It is World Sea Turtle Day and the last day of Sea Turtle Week and we have compiled all the sea turtle related videos and photos that we shared since World Oceans Day on June 8th. You may have missed one or two videos or simply want to watch them again. Remember to share the love and support for the conservation of these endangered sea creatures.

Sea turtles and their behaviour with other sea life

Flippa is a green sea turtle who we meet in the St Eustatius National Marine Park one day. Her sergeant major friends swim in a school above her. They will eat any epiflora, such as turf algae, growing on her.

How sea turtles breathe and interact with their habitat

Sea turtles cannot breath underwater yet they spend most of their life under the surface of the water. Dangers exit above and below. Let’s do what we can to keep them safe.
After a long day, we value being able to go home to somewhere safe and comfortable. Flippa feels safe in the St Eustatius National Marine Park where we can swim, eat and rest in peace, even with divers nearby. She is relaxed because we do not disturb her and other marine life, especially turtles.

The journey of sea turtle hatchlings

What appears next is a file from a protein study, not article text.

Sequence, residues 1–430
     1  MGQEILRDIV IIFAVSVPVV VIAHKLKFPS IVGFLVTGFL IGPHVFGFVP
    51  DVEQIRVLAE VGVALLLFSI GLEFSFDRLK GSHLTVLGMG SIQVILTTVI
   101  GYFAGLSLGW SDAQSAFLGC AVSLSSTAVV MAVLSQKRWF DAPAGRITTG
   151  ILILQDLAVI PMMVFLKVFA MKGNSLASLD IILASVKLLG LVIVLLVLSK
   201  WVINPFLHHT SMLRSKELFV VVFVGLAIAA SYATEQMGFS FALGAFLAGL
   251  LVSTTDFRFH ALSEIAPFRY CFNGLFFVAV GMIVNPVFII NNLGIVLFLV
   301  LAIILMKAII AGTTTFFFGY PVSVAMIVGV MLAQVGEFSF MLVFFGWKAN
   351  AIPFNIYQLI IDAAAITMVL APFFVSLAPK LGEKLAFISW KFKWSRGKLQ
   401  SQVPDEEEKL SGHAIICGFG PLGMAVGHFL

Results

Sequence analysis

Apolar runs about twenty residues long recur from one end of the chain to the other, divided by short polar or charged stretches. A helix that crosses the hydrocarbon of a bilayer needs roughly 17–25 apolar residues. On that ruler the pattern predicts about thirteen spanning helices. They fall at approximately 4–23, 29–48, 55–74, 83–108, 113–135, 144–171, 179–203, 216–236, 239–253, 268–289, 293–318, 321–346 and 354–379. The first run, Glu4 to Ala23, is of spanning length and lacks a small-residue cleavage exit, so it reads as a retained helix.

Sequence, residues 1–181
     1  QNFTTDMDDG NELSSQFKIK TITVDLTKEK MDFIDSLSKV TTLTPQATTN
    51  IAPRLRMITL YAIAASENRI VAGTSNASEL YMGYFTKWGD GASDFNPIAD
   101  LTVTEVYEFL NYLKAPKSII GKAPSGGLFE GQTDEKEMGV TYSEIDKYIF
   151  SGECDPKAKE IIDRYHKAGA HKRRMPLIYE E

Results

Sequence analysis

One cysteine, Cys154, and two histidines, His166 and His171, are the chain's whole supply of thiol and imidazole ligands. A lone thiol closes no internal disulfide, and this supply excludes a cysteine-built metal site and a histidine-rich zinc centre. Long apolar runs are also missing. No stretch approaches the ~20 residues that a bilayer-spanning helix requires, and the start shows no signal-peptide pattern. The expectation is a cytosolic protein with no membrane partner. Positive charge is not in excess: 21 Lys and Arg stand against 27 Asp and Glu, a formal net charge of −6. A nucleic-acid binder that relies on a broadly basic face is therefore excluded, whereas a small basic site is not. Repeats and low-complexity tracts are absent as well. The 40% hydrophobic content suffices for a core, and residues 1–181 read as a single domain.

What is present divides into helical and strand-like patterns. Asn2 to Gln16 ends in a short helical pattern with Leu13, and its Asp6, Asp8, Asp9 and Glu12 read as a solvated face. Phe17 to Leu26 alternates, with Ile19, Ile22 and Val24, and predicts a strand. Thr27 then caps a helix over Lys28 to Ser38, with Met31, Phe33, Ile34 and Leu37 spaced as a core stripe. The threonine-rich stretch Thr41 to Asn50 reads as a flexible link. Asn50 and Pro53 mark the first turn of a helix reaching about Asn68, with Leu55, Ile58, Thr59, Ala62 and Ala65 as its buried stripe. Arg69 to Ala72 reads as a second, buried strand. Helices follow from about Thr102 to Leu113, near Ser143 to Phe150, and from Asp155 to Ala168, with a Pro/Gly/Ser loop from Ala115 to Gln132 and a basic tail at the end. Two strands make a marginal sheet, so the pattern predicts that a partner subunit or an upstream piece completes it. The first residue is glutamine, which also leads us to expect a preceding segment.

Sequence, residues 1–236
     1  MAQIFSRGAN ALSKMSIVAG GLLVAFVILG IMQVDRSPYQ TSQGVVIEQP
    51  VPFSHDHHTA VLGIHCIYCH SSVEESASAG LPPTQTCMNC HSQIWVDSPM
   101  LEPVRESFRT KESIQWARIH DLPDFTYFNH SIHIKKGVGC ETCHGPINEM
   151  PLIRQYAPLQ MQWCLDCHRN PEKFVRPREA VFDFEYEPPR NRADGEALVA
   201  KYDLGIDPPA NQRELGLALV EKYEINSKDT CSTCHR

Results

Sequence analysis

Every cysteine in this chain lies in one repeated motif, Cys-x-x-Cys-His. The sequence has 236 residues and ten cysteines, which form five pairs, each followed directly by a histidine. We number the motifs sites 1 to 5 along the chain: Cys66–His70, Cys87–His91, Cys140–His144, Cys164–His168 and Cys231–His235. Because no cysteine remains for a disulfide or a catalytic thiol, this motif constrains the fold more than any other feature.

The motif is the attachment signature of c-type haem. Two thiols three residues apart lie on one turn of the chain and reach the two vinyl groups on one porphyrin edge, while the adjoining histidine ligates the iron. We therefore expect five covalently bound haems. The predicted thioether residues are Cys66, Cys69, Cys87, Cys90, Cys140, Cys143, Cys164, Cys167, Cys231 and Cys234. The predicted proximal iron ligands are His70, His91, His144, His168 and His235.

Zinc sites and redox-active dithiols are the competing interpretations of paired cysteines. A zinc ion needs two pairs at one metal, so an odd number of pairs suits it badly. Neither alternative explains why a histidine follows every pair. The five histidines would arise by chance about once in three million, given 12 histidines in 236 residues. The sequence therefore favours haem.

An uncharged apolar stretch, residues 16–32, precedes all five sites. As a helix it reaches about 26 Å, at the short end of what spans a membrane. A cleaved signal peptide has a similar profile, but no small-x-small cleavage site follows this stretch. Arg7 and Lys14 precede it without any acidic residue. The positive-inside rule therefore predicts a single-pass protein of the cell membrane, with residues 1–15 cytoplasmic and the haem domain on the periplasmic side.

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Today is World Sea Turtle Day in honor of Dr. Archie Carr, a pioneer in sea turtle research and conservation. Of the seven sea turtle species, six are listed by the IUCN Red List as either vulnerable, endangered, or critically endangered (the data is insufficient for the flatback sea turtles of NE Australia to determine their listing). What can you do to protect sea turtles? 1. At night, keep bright lights off the beach to encourage sea turtles to nest and to ensure hatchlings can find their way to the sea. 2. Keep beaches free of trash – don’t litter, clean up one bag of trash every time you visit, and participate in local beach cleanups. By reducing the amount of trash we can reduce the risk of turtles mistaking it for food or getting caught in plastic debris. Single use plastic bags are often mistaken by sea turtles for their favorite food, jellyfish, while eating them can cause them to suffocate. 3. Leave the beach as you found it, remove beach chairs and other furniture, fill holes and level sand and rocks to reduce obstacles for nesting females and newly hatched turtles. 4. Join a coastal conservation effort working to protect sea turtle nests from predators and poachers. 5. Donate your time and money to conservation efforts worldwide. Learn more from: @sea_turtle_conservancy @theoceanfoundation @oceanic.society @wwf @floridaleatherbacks @gumbolimbonaturecenter @marathonturtlehospital @loggerheadmarinelifecenter and the many, many local efforts around the world acting to conserve sea turtles. #seaturtleweek #worldseaturtleday #greenturtle #conservation #education #science #research #oceanlife #underwaterphotography #marine #reptile #ocean #life #nature #wild #global #action #turtle #seaturtle #turtletuesday #turtles #🐢